I’m eight months in on my Mozilla adventure

I started working for Mozilla in January 2014. Here’s some reflections from my first time as Mozilla employee.

Working from home

I’ve worked completely from home during some short periods before in my life so I had an idea what it would be like. So far, it has been even better than I had anticipated. It suits me so well it is almost scary! No commutes. No delays due to traffic. No problems ever with over-crowded trains or buses. No time wasted going to work and home again. And I’m around when my kids get home from school and it’s easy to receive deliveries all days. I don’t think I ever want to work elsewhere again… :-)

Another effect of my work place is also that I probably have become somewhat more active on social networks and IRC. If I don’t use those means, I may spent whole days without talking to any humans.

Also, I’m the only Mozilla developer in Sweden – although we have a few more employees in Sweden. (Update: apparently this is wrong and there’s’ also a Mats here!)

Daniel's home office

The freedom

I have freedom at work. I control and decide a lot of what I do and I get to do a lot of what I want at work. I can work during the hours I want. As long as I deliver, my employer doesn’t mind. The freedom isn’t just about working hours but I also have a lot of control and saying about what I want to work on and what I think we as a team should work on going further.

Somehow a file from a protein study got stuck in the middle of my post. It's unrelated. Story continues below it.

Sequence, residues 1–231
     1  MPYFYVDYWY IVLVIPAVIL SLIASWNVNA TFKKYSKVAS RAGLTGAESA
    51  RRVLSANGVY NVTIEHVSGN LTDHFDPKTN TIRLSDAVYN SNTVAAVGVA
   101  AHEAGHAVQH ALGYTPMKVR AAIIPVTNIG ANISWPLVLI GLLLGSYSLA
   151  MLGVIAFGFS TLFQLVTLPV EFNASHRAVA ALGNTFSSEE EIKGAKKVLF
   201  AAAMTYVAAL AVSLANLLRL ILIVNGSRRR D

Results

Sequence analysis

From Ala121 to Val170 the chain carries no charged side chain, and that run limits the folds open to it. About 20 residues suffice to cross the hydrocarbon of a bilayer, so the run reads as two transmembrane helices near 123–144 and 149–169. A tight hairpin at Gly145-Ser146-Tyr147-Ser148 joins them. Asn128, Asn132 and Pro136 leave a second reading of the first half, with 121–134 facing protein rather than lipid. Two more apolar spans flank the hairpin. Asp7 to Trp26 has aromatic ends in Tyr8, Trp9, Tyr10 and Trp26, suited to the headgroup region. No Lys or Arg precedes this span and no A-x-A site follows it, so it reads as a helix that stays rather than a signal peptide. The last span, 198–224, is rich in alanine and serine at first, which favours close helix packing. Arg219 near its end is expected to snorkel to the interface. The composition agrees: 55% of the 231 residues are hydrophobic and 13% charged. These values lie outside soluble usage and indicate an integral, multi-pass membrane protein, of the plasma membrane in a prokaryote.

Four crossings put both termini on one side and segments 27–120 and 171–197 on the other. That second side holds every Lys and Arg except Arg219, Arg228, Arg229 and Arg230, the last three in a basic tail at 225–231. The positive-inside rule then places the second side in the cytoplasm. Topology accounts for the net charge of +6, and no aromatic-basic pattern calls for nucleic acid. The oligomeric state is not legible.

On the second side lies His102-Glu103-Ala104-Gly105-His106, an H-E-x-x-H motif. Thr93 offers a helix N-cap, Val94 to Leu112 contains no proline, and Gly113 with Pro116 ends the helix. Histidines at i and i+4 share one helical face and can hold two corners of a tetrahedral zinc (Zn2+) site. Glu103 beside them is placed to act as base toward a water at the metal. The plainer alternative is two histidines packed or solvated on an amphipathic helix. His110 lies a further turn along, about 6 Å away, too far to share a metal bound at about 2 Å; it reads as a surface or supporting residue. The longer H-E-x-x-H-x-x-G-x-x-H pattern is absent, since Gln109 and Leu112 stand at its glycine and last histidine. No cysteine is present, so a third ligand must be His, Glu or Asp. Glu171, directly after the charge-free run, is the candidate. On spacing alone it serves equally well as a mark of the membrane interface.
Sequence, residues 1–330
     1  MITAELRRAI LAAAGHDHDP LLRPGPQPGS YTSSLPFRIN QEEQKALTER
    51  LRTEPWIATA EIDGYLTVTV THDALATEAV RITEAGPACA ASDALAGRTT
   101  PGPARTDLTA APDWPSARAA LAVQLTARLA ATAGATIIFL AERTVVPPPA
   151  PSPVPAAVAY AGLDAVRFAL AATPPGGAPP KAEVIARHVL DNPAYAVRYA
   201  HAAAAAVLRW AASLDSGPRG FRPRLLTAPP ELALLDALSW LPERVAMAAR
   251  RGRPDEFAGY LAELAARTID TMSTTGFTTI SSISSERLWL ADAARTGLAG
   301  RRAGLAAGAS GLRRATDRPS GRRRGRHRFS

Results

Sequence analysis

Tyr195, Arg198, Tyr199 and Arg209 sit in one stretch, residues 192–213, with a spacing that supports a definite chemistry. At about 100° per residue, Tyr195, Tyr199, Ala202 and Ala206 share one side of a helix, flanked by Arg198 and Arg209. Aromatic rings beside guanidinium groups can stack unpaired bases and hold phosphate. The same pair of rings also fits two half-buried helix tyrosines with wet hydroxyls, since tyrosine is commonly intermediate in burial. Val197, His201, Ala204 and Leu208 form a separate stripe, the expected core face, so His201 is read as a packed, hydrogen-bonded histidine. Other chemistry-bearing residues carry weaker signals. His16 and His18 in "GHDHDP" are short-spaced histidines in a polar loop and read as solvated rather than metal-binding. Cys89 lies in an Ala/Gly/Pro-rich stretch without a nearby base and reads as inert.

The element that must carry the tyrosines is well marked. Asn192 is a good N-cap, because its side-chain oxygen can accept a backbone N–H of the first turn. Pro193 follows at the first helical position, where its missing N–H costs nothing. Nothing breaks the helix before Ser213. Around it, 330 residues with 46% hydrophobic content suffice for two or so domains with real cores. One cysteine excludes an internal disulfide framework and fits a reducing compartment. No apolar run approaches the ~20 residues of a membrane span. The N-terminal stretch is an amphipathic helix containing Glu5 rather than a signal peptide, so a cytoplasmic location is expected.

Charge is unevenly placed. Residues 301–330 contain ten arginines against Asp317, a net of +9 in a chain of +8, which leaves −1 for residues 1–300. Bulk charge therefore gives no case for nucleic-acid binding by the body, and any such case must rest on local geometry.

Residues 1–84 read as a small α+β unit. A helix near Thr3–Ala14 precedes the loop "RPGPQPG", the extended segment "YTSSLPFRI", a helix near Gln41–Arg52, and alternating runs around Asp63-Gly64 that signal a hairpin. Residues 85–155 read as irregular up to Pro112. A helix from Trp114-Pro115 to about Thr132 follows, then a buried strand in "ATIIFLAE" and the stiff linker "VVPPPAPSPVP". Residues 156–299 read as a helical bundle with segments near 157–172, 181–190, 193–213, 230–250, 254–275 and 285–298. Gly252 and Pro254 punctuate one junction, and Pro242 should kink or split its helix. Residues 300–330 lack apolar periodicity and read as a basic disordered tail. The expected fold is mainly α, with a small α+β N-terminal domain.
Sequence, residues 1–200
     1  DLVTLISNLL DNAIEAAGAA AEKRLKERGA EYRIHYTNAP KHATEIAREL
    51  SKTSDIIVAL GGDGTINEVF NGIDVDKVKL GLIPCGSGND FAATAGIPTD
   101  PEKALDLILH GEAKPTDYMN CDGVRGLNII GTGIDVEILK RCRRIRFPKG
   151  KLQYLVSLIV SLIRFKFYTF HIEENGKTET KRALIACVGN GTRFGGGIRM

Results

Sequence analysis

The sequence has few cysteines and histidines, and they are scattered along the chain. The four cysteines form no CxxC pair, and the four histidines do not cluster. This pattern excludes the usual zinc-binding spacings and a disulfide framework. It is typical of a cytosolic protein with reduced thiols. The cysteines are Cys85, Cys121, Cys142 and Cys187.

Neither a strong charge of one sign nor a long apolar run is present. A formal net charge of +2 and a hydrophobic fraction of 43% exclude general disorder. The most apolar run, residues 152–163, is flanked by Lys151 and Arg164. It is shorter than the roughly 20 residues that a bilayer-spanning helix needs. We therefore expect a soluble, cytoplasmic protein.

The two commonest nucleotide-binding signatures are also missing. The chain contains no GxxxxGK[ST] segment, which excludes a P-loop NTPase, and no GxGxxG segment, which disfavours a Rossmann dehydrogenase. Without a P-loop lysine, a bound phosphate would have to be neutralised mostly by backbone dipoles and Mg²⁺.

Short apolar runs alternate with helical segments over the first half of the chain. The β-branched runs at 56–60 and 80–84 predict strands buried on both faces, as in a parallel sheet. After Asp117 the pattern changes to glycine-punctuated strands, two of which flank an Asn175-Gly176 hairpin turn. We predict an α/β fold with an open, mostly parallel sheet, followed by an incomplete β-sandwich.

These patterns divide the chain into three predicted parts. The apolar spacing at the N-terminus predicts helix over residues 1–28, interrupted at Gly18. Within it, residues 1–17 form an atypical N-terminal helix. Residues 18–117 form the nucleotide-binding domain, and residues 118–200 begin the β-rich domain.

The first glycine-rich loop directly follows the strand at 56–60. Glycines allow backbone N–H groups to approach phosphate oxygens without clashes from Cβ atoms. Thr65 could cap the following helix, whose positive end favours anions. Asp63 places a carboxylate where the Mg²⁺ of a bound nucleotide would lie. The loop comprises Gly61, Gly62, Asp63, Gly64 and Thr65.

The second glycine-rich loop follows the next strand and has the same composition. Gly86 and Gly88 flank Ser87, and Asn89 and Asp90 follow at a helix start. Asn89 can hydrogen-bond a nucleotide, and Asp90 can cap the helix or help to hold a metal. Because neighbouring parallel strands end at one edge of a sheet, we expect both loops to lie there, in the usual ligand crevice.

The not counting hours

For the last 16 years I’ve been a consultant where my customers almost always have paid for my time. Paid by the hour I spent working for them. For the last 16 years I’ve counted every single hour I’ve worked and made sure to keep detailed logs and tracking of whatever I do so that I can present that to the customer and use that to send invoices. Counting hours has been tightly integrated in my work life for 16 years. No more. I don’t count my work time. I start work in the morning, I stop work in the evening. Unless I work longer, and sometimes I start later. And sometimes I work on the weekend or late at night. And I do meetings after regular “office hours” many times. But I don’t keep track – because I don’t have to and it would serve no purpose!

The big code base

I work with Firefox, in the networking team. Firefox has about 10 million lines C and C++ code alone. Add to that everything else that is other languages, glue logic, build files, tests and lots and lots of JavaScript.

It takes time to get acquainted with such a large and old code base, and lots of the architecture or traces of the original architecture are also designed almost 20 years ago in ways that not many people would still call good or preferable.